Kudos

Arcola Theatre: setting a standard for resourcefulness?


Kudos to London’s Arcola Theatre for the announcement of their new plan to further green the theatre, putting sustainability at the centre of its work. The impressive thing about Ben Todd and his team at Arcola’s plan is it’s not just about bricks and mortar – though they do have the support of Arup’s sustainability experts on that; it’s about successfully integrating the theatre into the wider enviroment as a kind of signpost for more fundamental change. As Todd said in the launch document: “Wrapped around the main stage will be dynamic spaces to accommodate our ever-growing environmental sustainability and community engagement programmes.”

And the other, even more impressive thing, is that they’re putting much better funded arts institutions to shame with their implementation of this plan.

I’ve just been sent the book Theatre Materials, edited by Eleanor Margolies. There’s a good quote in there from Todd from the original Theatre Materials conference back in the spring about why theatre can be so successful at these initiatives – something that really fits with ourDesign team’s ideas of resourcefulnes:

“There is a big fear that theatre can’t go green because it costs too much money, but theatre has always operated with minimal resources. Theatre people are incredibly resourceful and theatre has always proven that it can operate with very little money. Theatre knows how to get things done.”

Let’s do the show right here, folks!

Go to RSA Arts & Ecology

What is the value of art?

Sometimes it’s worth asking the questions that are so big people people only raise them shortly before last orders. Kudos to Art 21 | blog who have been running a series of what they call “Flash Points” over the last few months. Their topics have included What’s So Shocking About Contemporary Art? and How Can Art Affect Political Change?

They’ve just started a new strand with What Is The Value of Art, introduced by Beth Allen:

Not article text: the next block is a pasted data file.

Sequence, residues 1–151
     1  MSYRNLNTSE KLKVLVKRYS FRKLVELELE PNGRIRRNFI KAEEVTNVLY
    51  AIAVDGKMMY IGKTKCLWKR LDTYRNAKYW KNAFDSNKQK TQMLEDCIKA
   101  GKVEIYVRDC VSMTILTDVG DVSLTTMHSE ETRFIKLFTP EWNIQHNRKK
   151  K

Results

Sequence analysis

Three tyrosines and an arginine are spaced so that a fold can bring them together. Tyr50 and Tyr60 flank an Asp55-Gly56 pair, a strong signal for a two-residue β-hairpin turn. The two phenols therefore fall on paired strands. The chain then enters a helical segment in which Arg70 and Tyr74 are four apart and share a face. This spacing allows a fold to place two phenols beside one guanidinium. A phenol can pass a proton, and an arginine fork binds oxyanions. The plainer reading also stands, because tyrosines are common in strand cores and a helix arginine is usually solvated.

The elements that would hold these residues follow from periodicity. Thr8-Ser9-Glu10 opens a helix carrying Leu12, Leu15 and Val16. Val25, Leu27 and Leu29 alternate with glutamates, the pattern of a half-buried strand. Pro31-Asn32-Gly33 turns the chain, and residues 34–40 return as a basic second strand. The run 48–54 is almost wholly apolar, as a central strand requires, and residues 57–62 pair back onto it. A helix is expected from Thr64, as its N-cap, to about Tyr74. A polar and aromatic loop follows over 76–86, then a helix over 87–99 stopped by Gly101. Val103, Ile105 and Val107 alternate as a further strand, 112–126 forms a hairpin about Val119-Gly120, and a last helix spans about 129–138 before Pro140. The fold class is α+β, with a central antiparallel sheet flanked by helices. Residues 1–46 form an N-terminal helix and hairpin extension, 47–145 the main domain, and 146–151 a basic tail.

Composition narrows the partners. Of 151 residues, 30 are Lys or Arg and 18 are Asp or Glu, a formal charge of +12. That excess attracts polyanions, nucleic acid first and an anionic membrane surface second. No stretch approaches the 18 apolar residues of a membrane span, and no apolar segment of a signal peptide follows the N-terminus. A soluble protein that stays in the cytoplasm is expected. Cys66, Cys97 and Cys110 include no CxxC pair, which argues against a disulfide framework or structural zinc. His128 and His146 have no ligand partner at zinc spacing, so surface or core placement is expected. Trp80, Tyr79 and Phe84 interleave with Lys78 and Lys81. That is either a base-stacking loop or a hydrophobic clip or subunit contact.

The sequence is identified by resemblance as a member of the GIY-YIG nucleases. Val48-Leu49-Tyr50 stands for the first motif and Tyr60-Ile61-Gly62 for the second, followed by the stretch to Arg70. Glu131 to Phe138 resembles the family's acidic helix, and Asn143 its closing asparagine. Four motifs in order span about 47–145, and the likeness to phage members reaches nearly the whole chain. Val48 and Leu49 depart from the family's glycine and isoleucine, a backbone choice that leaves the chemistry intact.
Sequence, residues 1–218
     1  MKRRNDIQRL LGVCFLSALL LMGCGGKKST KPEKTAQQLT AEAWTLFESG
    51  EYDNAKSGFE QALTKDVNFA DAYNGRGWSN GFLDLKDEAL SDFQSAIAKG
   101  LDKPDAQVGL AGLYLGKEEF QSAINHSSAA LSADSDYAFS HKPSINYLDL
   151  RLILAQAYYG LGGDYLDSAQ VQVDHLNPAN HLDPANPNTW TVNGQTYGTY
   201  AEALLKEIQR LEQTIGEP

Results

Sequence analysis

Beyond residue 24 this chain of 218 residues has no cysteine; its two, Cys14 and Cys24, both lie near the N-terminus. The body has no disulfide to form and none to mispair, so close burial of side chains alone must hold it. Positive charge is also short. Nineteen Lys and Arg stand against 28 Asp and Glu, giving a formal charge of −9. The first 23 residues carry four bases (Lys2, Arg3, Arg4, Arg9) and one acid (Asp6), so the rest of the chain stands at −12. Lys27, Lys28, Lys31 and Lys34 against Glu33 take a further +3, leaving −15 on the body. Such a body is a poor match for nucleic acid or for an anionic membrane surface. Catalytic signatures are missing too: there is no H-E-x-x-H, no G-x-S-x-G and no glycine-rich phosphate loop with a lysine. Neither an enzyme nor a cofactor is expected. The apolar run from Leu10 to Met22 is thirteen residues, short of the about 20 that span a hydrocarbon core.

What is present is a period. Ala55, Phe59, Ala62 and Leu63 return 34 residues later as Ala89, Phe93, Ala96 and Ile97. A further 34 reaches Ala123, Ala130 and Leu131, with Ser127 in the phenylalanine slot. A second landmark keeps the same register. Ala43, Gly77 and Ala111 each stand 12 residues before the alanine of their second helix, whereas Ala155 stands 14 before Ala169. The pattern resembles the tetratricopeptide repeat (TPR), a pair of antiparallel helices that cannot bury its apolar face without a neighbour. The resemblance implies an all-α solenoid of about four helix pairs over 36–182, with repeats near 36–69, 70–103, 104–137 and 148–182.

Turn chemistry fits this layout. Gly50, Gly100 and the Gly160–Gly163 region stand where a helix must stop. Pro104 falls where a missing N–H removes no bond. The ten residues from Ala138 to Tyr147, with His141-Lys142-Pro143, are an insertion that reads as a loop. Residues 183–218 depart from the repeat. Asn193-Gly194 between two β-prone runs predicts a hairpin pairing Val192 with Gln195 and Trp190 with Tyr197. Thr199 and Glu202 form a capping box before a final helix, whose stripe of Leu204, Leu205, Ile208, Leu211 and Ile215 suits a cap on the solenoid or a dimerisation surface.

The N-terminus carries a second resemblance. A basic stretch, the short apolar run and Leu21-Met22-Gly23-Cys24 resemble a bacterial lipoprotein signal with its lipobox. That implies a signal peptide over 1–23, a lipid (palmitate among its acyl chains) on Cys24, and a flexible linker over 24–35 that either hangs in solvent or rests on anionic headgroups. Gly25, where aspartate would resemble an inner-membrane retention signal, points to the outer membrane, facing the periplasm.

The questions of how art is valued and how it is monetized inevitably overlap: artworks perceived as “important” yield high prices at auction; economic development funding goes to out-of-the-way cultural institutions that bring high quality programming and consequently, tourists, to their neighborhoods; exhibitions that push boundaries attract grants from foundations dedicated to promoting free speech; arts education is consistently underfunded… Buried within questions about the economics of art, are assumptions and often, judgments, about its value that beg to be examined: How is the value of an artist’s intellectual versus physical labor calculated? Are collectible works valued differently than ephemeral projects? How does individual “taste” and critical reception affect the value of an artwork, exhibition, or institution? What factors influence the way we value an artistic experience, as individuals and as a society? How do we quantify the intangible benefits that art education provides? How do we talk about the subtle and personal value that art has in our lives?

And, of course, they’re looking for contributors to stir the pot.

Image:  Photo of Fear Eats The Soul [date unknown] by Rirkrit Tiravanija taken at Gavin Brown’s Enterprise, November 22 2008 by j-No

Go to RSA Arts & Ecology